The most fascinating thing about the suburbanites living around the ancient Mesopotamian settlement of Tell Brak isn’t who they were, according to archaeologist Jason Ur, but how they joined the city.
While studying the site in what is today northeastern Syria, a few hundred miles north of Gilgamesh’s Uruk (Tell Brak’s most celebrated contemporary), the assistant professor of anthropology discovered something surprising: instead of growing from the inside out, Tell Brak apparently expanded when settlements outside its borders slowly grew into it. “Near Eastern archaeologists have this idea that the origins of cities are based on the power of a single man, or centralized political power,” says Ur. But around Tell Brak, the immigrants (which is what Ur believes they were) kept “some autonomy from the preexisting community. Which is not the prevailing model.”
Archaeologists including Max Mallowan (better known as the husband of mystery writer Agatha Christie) have been digging up Tell Brak’s secrets since the 1930s. Thousands of years of human history lie buried under the artificial mound that protrudes some 40 meters—roughly 10 stories—into the air from the center of the otherwise flat 2-by-1.5 kilometer site. (“Tell” derives from tall, Arabic for “hillock.”) A group of Cambridge University scholars began excavating the mound in the late 1970s, burrowing down through the strata of the third and fourth, and finally the fifth, millennium B.C.
Ur—whose colleagues jokingly accuse him of using a stage name—joined the Cambridge team in 2002. Besides digging, the excavation project was also surveying the wider region for distant neighbors, but Ur proposed to study the area right around the mound. After gaining the local landowners’ permission, he spent three seasons (which last from May to September) doubled over, walking back and forth across the site. He began each day as soon as it was light enough to see, took a siesta in the afternoon when the temperature crept above 100 degrees, and continued in the early evening while the sun went down. It wasn’t always fun “walking through farmers’ fields and being chased by the dogs and kicking sheep dung off the surface, looking for tiny potsherds.”
Potsherds are the ancient debris of daily life, bits of earthen storage vessels and cooking pots that litter the ground—Ur estimates there may be something like 10 million pieces on the site. Every year the farmers’ plows turn up more. Simply by looking at their characteristics, such as decorative patterns or coloration (which varies according to kiln heat), Ur can date them. (He likens it to dating cars by their fins, hand cranks, or hybrid engines.) For example, in the early fourth millennium B.C., Mesopotamians tempered their clay with sand. Later, they replaced the sand with vegetable matter, such as ground-up chaff, impressions of which remained on the finished pottery after firing.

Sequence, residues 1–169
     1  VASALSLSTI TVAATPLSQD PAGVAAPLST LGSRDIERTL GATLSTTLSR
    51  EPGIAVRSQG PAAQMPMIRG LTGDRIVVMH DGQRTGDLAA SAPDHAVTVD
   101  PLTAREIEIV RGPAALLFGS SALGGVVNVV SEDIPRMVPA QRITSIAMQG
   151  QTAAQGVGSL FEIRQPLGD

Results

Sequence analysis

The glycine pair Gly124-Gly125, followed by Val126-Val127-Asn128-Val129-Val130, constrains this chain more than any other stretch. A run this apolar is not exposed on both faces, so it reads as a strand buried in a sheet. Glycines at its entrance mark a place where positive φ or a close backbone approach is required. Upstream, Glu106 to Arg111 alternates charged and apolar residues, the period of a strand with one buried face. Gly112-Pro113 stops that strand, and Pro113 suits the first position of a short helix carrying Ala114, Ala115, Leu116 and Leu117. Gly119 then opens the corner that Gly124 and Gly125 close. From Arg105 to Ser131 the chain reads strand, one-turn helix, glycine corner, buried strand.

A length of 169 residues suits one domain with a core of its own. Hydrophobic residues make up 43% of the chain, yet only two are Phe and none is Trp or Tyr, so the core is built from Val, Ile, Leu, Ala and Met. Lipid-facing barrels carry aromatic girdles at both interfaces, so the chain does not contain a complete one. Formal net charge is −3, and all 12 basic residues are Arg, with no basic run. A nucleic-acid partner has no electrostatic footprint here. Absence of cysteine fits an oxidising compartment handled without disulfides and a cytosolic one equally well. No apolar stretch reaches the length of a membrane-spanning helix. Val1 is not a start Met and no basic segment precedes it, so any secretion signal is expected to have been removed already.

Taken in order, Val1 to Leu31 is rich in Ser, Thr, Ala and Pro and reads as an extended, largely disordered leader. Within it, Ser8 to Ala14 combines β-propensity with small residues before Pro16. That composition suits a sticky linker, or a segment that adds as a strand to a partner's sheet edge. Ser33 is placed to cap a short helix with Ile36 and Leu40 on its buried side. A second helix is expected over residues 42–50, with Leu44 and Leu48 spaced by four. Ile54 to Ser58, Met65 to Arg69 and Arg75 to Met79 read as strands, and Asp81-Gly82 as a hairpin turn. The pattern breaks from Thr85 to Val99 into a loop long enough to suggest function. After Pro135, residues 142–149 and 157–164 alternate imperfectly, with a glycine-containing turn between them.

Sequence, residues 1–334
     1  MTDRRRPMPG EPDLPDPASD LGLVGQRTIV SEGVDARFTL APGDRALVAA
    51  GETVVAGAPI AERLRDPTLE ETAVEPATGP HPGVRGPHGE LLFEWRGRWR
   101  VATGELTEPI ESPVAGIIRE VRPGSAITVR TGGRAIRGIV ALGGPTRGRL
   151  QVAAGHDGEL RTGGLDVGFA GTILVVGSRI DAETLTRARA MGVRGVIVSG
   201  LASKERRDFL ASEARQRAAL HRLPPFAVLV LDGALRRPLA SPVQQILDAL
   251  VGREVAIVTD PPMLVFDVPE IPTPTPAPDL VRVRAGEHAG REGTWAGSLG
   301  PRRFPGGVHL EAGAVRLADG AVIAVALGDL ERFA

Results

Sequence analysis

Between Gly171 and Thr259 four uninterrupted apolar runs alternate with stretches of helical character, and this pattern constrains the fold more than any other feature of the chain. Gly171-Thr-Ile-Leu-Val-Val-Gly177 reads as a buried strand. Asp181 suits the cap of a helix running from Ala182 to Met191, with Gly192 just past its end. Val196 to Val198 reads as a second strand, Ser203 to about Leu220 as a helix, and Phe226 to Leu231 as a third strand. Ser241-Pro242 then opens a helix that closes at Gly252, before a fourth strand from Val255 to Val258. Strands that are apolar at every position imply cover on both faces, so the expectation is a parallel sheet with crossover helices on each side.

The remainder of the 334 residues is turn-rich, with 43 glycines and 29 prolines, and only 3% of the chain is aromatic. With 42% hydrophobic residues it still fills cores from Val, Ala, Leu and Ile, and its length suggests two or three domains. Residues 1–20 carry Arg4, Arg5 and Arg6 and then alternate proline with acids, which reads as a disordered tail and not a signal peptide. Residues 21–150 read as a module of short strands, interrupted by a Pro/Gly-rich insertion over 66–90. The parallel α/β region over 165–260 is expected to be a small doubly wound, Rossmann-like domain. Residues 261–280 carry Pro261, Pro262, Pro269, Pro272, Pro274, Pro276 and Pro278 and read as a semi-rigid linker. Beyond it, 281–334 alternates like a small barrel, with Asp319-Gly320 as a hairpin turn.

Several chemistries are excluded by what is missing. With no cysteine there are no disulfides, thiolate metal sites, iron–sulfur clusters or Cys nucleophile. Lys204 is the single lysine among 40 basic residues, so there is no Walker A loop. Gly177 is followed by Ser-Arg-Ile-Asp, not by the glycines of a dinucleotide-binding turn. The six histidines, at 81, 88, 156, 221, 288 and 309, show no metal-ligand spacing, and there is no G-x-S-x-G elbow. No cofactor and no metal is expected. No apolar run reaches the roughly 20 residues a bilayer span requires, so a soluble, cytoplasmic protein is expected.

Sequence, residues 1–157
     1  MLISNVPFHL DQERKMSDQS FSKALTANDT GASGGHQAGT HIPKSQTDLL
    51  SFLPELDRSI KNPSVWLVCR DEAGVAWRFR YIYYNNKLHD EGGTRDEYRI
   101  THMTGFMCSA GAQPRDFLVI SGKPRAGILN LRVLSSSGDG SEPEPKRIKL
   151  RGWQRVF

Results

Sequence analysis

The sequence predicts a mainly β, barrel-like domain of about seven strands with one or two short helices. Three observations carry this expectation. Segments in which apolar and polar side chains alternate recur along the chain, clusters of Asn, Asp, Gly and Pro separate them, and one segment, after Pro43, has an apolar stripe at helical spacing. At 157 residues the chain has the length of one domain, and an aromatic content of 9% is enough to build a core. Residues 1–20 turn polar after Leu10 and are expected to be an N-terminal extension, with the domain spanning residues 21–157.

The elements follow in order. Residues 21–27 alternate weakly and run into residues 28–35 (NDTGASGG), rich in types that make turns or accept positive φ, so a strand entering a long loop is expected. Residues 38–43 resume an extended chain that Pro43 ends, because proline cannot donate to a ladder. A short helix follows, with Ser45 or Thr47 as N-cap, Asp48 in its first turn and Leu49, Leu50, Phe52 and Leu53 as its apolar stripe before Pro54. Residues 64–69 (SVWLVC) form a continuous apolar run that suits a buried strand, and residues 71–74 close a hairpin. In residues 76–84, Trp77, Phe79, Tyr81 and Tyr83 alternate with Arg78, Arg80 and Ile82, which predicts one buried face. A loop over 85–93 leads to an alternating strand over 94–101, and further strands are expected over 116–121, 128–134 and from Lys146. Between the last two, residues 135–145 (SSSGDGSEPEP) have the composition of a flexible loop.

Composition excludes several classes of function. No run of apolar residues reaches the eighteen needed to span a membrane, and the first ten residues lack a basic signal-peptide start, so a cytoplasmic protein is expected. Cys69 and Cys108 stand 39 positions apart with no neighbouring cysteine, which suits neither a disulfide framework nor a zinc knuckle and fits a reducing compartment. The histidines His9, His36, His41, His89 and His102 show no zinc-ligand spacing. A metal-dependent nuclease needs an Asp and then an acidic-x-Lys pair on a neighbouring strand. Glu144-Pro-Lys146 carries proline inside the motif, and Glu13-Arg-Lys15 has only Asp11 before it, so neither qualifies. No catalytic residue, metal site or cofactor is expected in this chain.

Ur found small, concentrated pockets of sherds from the late fifth millennium some 1,000 meters to the southwest and 500 meters to the north and east of the central mound. Around these three areas he found much larger numbers of sherds that date from the middle of the fourth millennium. He concluded that satellite communities had sprung up and expanded naturally, a finding he published in an August 2007 issue of Science magazine. “This pattern,” he wrote, “suggests a greater role for non-centralized processes in the initial growth of Brak and lesser importance for centralized authority.” Perhaps the immigrants couldn’t forcibly integrate themselves into the city—or possibly the city-dwellers lacked the strength to kick them out altogether. In either case, Ur says, there was a balance, rather than a monopoly, of power: a distinct contrast to the older hypothesis based on the famous king of Uruk who, according to the Epic of Gilgamesh, had the literal and political muscle to build a wall around the city and stood alone as a “mighty net, protector of his people.”
For nearly 20 years, the political situation in Iraq has made it next to impossible to study the ancient cities of southern Mesopotamia. The assumption is that the dozen or so settlements in Iraq follow the Gilgamesh model: a strong central leader. But whenever archaeologists return to these sites, Ur suspects they may find something more complicated. “I shouldn’t say that what we find at Brak disproves this inward-outward growth model,” he says. “But it certainly suggests, at the minimum, that there were multiple paths to urbanism.”
View slideshows and hear Jason Ur discuss Tell Brak as it was then and is today.
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